I was talking with a friend last week about technology–specifically the kind we use in the HR, payroll, and recruiting space. His organization is using an awful tool that costs quite a bit of money. It’s not user friendly. It doesn’t make data easily accessible. And it’s become a running joke that any basic business need will require yet another $20k+ module just to meet that single need. It sounds like they are in the perfect place to be considering other technology, right?

And yet he and I both know that they are not going to make a change any time soon. Despite the availability of various “HR modules” within the system, he uses a point solution to handle recruiting needs and an Excel spreadsheet manage employee data. At some point he’s going to have to move to something else, but he and his organization are just part-way into the HR technology maturity curve. Here’s a look at the curve (in my opinion) and how technology is normally put into place.

The first steps

Diving into HR technology doesn't have to be scary

Diving into HR technology doesn’t have to be scary

One of the first steps most companies take in terms of HR technology typically comes with recruiting. Adding an applicant tracking system to eliminate manual job posting, tracking of candidates, and collaboration with the hiring team. Using a piece of recruiting software (like Recruiterbox, for example), can drastically change HR’s role in the hiring process from administrative to strategic.

I can still remember the before and after look at my recruiting practices when it came to technology implementation. When it was all manual, I was just trying to keep the mass of information organized enough to pick anyone competent and qualified. When we transitioned to using an applicant tracking system, I was able to then spend more time coaching hiring managers, screening candidates more thoroughly, and onboarding new employees.

Another common first step is in payroll. Again, it can be an opportunity to change from very administrative (did we get that person’s dependents right?) to a more strategic focus on compensation, variable pay, and other important elements that fall through the cracks when you’re spending several hours a week reviewing pay stubs.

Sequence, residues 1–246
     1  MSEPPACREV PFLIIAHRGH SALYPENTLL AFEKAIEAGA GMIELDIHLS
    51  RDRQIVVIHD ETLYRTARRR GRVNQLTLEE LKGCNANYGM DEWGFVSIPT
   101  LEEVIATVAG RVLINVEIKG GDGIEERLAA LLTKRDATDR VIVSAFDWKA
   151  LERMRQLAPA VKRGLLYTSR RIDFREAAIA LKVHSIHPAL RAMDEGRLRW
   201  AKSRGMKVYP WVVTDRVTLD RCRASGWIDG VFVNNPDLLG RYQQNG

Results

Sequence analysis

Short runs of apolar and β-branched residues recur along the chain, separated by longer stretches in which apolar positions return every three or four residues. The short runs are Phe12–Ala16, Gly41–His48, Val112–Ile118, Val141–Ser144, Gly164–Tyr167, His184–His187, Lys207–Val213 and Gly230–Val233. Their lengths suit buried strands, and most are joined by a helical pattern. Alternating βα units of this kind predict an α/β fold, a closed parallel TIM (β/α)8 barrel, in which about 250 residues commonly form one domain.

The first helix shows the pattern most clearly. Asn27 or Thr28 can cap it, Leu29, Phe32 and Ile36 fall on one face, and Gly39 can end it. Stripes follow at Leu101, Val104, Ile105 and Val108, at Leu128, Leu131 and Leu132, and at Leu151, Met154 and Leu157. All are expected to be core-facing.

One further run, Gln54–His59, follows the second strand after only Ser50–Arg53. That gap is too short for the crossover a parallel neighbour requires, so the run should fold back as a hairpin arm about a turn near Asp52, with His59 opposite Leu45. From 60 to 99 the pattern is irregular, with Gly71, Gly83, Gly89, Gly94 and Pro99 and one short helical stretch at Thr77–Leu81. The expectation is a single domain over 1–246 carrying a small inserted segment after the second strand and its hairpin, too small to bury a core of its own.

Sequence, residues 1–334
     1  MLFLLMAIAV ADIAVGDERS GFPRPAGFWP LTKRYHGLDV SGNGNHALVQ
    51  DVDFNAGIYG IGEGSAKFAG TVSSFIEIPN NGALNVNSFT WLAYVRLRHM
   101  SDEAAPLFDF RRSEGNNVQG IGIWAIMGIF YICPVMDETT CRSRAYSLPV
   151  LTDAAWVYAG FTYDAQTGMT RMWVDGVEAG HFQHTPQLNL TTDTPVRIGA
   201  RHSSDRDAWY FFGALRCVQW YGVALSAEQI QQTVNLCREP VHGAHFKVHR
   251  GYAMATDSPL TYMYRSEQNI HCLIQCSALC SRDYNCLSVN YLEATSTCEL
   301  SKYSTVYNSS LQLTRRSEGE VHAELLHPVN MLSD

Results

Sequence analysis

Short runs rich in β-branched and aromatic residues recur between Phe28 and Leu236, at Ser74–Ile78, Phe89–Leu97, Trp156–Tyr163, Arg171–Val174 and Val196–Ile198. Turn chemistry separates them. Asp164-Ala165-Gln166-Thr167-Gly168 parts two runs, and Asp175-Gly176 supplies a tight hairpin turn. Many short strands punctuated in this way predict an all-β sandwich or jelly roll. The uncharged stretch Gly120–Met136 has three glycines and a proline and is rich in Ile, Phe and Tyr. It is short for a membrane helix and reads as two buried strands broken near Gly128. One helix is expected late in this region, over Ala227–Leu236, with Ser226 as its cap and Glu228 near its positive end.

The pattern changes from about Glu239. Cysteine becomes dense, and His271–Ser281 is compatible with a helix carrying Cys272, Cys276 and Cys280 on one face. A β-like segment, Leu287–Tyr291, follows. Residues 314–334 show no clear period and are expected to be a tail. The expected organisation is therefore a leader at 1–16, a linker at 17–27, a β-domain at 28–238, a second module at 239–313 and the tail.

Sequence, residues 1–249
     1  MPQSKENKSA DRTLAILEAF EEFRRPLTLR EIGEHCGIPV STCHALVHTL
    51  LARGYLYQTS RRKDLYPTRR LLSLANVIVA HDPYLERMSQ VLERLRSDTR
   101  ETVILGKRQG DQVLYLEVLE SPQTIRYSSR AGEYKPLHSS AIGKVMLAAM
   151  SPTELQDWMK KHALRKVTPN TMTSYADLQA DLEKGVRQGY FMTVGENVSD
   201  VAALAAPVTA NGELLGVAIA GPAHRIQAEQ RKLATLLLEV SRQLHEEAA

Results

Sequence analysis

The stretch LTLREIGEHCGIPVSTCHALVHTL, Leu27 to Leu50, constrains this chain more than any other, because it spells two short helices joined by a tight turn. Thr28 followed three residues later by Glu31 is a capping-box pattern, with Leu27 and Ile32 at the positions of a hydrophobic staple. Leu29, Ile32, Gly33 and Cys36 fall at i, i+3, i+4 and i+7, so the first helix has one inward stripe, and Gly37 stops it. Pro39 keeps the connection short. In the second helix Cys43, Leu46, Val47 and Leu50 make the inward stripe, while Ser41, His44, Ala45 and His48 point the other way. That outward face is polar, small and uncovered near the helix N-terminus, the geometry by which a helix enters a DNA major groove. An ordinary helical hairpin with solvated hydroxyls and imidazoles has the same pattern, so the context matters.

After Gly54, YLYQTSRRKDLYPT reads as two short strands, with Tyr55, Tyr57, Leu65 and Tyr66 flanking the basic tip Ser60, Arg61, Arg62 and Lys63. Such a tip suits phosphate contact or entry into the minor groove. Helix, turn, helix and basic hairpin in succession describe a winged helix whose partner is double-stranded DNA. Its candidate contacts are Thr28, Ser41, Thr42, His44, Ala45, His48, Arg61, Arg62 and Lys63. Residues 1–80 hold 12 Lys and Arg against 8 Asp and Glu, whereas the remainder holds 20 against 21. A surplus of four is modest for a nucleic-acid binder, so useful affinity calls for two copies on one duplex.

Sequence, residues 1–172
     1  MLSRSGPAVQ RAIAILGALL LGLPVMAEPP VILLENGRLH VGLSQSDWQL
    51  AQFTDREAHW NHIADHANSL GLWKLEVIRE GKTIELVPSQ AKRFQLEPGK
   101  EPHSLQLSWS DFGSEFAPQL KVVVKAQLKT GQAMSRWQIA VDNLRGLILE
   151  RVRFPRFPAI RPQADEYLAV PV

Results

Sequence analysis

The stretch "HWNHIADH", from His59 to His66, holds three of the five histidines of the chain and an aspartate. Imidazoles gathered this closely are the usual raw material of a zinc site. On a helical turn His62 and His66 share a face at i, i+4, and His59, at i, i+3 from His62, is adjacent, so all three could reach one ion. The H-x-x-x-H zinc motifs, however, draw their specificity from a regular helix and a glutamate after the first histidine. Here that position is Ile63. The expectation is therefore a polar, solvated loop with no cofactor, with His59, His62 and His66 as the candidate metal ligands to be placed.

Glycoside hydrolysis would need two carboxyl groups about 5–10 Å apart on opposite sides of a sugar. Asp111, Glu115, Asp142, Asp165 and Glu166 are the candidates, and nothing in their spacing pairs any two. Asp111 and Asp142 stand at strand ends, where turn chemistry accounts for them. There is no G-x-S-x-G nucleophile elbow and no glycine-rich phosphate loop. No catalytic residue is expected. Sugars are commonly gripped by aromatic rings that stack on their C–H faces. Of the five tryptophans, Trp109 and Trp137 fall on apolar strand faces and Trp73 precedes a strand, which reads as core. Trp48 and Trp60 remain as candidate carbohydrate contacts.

Next up: performance/learning

Depending on the organization, as they grow there is usually a focus on automating performance management, learning, or both. For instance, when I worked for an organization with heavy regulations around training and staff certifications, our primary system (even before having a good HRIS) was a learning management system (LMS). In another organization, I campaigned regularly for a performance management solution to help alleviate the burden of continuously growing performance management paperwork. This is often seen as less strategic and important than recruiting or payroll, which is why it’s not at the top of the list in terms of implementation priority.

One area I’ve seen grow of late is the set of companies offering performance feedback/employee engagement solutions based on simple surveys and quick “pulse” feedback gathering. These are very easy to implement and don’t require all the trouble of the typical performance management solution.

The later stages

The deeper into this maturity process the company goes, the more likely it will select a suite to consolidate vendors and ensure a uniform data set across the various platforms (learning, performance, compensation, etc.)

One area I’ve been very interested in of late involves the difference between companies that pursue point solutions to solve various problems and those that snag the suite to combine each area. A few questions that have bounced around in my mind:

  • Which type of organization has better performance?
  • What factors play into that overall technology selection choice?
  • Are organizations using data better if the systems are integrated than if not?
  • What about the specific benefits highly targeted point solutions offer that the big suites do not?

What are your thoughts? Where are you in this HR technology maturity curve? 

Last week a friend called me for some help. He’s working on some 401k reporting requirements, and the data the provider needs from him is fairly detailed. In prior years, we could have pulled some quick reports from the accounting system and gotten everything plugged in after some love sessions with a keyboard. However, the newly implemented accounting/recordkeeping system seems to think that actually running reports and gathering data insights is a “nice to have” versus a “must have.”